The mysterious legend of the Dover Plains Stone Church

It's inspired poems and paintings for centuries!

For hundreds of years, visitors have been flocking to a mysterious stone cave in Upstate New York-- the so-called Dover Stone Church. The Gothic Arch shape of the cavern entrance inspired the name, and there's even a pulpit-shaped rock inside. But, most Gothic churches don't have 30-foot waterfalls inside the way Dover's does...

It was a huge tourist attraction in the 1800's and 1900's; city-dwellers would often come upstate from New York City to enjoy fresh air and explore the cave. As a result, the Stone Church features prominently into many paintings, postcards, and poems of the era. From Hudson River School students in the mid-19th century to magazine editors in the early 20th century to WPA workers during the Great Depression, many have been captivated by the shady mystery of the Stone Church.

Perhaps it has something to do with a popular local legend about the cave. As the story goes, the cave was used as a hiding place for a Pequot Sachem (or chief) named Sassacus and his men during the Pequot War. The war was between the Pequot tribe of Southern New England and Connecticut and the English colonists and their Native American allies. Sassacus and his men were driven up to present-day Dover Plains and took refuge in the Stone Church-- but their efforts were in vain. The Pequots went to seek asylum with another tribe, the Mohawks, who turned on the Pequots, murdering Sassacus and his warriors and sending Sassacus's scalp to the colonists as a sign of friendship. Since this all took place in the 1600's, there's little evidence of how long they camped out here, or if they even stopped here at all, but it's entirely likely-- Besides, it's neat that the legend has been passed down for 400+ years, and it's chilling to imagine the embattled Native Americans hiding out in the cave, not knowing what fate would befall them.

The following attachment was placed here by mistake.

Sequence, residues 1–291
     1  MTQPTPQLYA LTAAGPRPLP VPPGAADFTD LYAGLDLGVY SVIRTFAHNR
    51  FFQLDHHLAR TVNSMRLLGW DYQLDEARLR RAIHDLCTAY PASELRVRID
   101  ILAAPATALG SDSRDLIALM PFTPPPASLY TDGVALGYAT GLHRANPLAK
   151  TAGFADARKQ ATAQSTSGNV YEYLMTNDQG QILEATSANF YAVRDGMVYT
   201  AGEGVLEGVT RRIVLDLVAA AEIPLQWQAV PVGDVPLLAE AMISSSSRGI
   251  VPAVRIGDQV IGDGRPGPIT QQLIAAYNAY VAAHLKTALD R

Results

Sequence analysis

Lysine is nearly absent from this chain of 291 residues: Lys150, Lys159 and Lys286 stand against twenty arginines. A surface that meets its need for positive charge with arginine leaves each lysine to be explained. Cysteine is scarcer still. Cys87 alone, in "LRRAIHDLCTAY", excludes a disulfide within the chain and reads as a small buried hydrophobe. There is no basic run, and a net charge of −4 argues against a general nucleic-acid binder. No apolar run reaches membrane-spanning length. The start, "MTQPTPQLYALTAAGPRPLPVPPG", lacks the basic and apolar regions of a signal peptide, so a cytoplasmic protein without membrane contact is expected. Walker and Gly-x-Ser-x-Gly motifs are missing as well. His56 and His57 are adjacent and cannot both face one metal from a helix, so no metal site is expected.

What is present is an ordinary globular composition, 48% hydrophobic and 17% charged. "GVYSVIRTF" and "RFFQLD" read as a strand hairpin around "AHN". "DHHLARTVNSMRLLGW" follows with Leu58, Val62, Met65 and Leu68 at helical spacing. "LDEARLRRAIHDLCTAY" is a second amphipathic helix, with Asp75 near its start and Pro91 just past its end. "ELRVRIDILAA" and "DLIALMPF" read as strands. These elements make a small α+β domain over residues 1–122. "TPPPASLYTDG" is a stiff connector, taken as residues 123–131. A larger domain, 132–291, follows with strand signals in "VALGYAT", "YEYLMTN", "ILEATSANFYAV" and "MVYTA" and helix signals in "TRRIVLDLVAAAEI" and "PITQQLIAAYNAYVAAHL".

The plot of land was privately owned until 2002, when the area was turned into a public park-- it's continued to grow since then. It now features maple-tree-lined paths, stone footbridges, quaint little ponds and tons more adorning the little park. It's still the perfect place for an afternoon picnic and hike, especially if you're looking to get away from the hustle and bustle of the city like the tourists of the 19th century!

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Header via Flickr/Peter

This was originally written for Roadtrippers, a great resource for anyone interested in travel.
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